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National Wildlife Health Center

Coordinates: 43°02′57″N 89°29′06″W / 43.049165°N 89.484892°W / 43.049165; -89.484892 The National Wildlife Health Center (NWHC) is a science center of the United States Geological Survey. NWHC is located in Madison, Wisconsin, on a 24-acre plot of land that includes a main building and tight isolation building (TIB). The facility houses Bio-safety Level 3 (BSL-3) and Bio-safety Level 2 (BSL-2) laboratories on site.

The center studies several diseases that affect American wildlife including bat white nose syndrome, chronic wasting disease (CWD), avian influenza, and sylvatic plague, among others.[1]

In addition to the study of disease, NWHC has the capability to diagnose the causes of mass wildlife die-offs. This is done via necropsy and the work of several pathologists, biologists, and other scientists. The scientists are able to run toxicology, heavy metal and tissue analyses to determine cause of death. A notable instance of this capability in use was during the mass die-off of birds, primarily red-winged blackbirds, in Beebe, Arkansas, on December 31, 2010. The NWHC determined the die-off to be the result of blunt trauma, most likely caused when the birds were frightened out of their nests at night by fireworks.[2]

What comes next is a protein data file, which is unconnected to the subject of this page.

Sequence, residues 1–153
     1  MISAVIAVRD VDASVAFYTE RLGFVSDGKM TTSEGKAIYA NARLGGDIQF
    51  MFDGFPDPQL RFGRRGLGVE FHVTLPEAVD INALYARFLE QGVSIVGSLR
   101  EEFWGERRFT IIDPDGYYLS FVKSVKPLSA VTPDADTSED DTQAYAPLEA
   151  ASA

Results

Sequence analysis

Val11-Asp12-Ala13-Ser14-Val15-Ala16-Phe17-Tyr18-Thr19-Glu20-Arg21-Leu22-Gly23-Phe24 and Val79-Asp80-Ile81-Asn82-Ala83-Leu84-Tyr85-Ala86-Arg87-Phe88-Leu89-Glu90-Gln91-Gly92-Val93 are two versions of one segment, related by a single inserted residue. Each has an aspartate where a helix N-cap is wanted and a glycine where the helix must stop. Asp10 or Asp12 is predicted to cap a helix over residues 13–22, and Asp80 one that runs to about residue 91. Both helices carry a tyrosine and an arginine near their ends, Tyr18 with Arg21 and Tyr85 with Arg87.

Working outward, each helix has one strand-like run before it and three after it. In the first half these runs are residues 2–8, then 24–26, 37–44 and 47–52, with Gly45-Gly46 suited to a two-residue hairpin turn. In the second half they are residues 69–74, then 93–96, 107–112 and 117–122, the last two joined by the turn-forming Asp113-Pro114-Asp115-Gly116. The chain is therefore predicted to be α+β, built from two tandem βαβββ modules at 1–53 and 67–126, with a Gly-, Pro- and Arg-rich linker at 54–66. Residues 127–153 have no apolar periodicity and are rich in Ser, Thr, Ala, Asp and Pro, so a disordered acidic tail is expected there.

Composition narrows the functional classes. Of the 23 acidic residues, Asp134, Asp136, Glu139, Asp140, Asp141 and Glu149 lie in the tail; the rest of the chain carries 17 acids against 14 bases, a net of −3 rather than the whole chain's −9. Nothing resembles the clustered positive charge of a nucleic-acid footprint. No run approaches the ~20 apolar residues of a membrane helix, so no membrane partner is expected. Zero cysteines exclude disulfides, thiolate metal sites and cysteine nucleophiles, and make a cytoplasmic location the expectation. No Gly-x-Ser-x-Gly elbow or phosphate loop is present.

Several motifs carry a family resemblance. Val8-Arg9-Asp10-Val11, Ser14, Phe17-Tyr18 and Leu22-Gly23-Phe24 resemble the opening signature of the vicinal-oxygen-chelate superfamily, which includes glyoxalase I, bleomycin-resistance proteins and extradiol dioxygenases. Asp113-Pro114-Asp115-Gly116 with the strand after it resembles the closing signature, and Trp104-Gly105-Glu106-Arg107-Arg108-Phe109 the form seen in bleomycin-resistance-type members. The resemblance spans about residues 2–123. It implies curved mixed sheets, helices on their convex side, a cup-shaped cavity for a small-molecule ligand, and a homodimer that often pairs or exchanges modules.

Honolulu Field StationEdit

In addition to the main facility in Madison, Wisconsin, the NWHC maintains a field station in Honolulu, Hawaii. The Honolulu field station is responsible for researching diseases that effect Pacific Ocean wildlife, including birds, sea turtles, and coral reefs.[3] Generally staff for the NWHC Honolulu field station numbers around four staff, either federal employees or contractors.[4]


  1. ^ "USGS National Wildlife Health Center - Disease Information". May 19, 2016. Retrieved October 30, 2016.
  2. ^ Bergquist, Lee (January 6, 2011). "Madison lab solves mystery of Arkansas bird die-off". Milwaukee Journal Sentinel. Retrieved October 30, 2016.
  3. ^ "USGS National Wildlife Health Center - Honolulu Projects". 2016-05-19. Retrieved 2016-10-30.
  4. ^ "USGS National Wildlife Health Center - Honolulu Staff". 2016-05-19. Retrieved 2016-10-30.

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